University Of Minnesota Apologizes To Unwavering Linux Community Over Kernel Kerfuffle
Last week, we reported on a Linux Kernel developer banned The University of Minnesota for some ethically questionable research. Since then, UMN issued an apology and started an investigation into how this all happened, but some people are having none of it. This week in the Linux Kernel security saga, Greg Kroah-Hartman announced that the Linux Foundation and its Technical Advisory Board sent a letter to UMN outlining what must be done to regain the trust of the Linux community, and no further discussion will be had.
Earlier this year, three researchers from UMN published a paper that proved that vulnerabilities could be slipped past Linux Kernel maintainers. The team used three easily fixed bugs in the Linux kernel, which all had the trappings of becoming a vulnerability, and submitted them to see if the maintainers detected a problem. Once the maintainers replied to the patch, the UMN researchers explained the bug and gave an actual patch instead of the one originally submitted.
This methodology and the lack of telling anyone about the plan struck a chord among the Linux community, and especially with Greg Kroah-Hartman. "Greg K-H," as he is known online, is a senior Linux kernel developer that decided to stick up for the other developers who were subjected to research. He first called out UMN and then reverted 68 patches from anyone with a @umn.edu address. Following that, he instantiated a "block by default" rule for the school, with no clear way forward.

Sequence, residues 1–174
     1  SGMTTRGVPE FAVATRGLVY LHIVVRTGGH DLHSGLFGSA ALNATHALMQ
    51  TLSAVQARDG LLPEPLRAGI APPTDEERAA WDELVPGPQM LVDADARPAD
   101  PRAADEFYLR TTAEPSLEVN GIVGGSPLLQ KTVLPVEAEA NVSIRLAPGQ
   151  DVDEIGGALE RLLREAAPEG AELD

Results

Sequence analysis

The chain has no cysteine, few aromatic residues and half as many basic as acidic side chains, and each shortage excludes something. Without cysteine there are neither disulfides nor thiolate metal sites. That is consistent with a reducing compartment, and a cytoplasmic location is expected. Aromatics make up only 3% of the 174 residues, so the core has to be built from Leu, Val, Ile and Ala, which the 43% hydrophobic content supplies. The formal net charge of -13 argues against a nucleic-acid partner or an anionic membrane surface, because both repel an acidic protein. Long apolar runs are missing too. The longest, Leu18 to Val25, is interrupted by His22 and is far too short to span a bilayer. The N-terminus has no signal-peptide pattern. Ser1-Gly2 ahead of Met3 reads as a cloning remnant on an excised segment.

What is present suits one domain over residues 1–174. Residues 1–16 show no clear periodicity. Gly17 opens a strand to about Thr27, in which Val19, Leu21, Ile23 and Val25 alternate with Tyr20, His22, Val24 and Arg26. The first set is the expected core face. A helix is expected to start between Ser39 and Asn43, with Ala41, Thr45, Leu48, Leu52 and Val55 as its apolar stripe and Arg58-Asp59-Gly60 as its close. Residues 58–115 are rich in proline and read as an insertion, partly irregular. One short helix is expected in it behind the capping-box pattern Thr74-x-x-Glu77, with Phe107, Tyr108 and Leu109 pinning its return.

Then, UMN issued a public apology while the researchers more recently did so on the Linux Kernel Mailing List, but the latter was not taken as well as the researchers likely hoped. Greg K-H replied with the following to the 800-word apology letter:
Thank you for your response.At present, we do not know what the contents of that letter Greg mentioned are; however it likely entails some sort of apology and requirement to cease research like this in the future. In any case, it seems that a small divide is forming in the Linux community in which some believe that UMN did nothing wrong. One person in the apology letter thread compared UMN to "kids laughing loud that 'the emperor has no clothes.' More precisely, that the emperor STILL has no clothes. Ten year later."
As you know, the Linux Foundation and the Linux Foundation's Technical
Advisory Board submitted a letter on Friday to your University outlining
the specific actions which need to happen in order for your group, and
your University, to be able to work to regain the trust of the Linux
Until those actions are taken, we do not have anything further to
discuss about this issue.
This person further claims that the outcry from Greg and others is merely a distraction from the Linux community's pitfalls. On the other hand, someone else explains that UMN's methodology lacked tact and kindness and was more a point and laugh sort of project. They specifically state, "Demonstrating a well-known weakness is easy. Pointing the finger is easy. Helping however, requires another level."
Whatever your view is, it is certainly a complex and continually evolving situation with many outcomes to consider. Perhaps more people will come to support each side in a healthy discussion about cybersecurity and how research should be executed in the future. Either way, let us know what you think of all of this in the comments down below.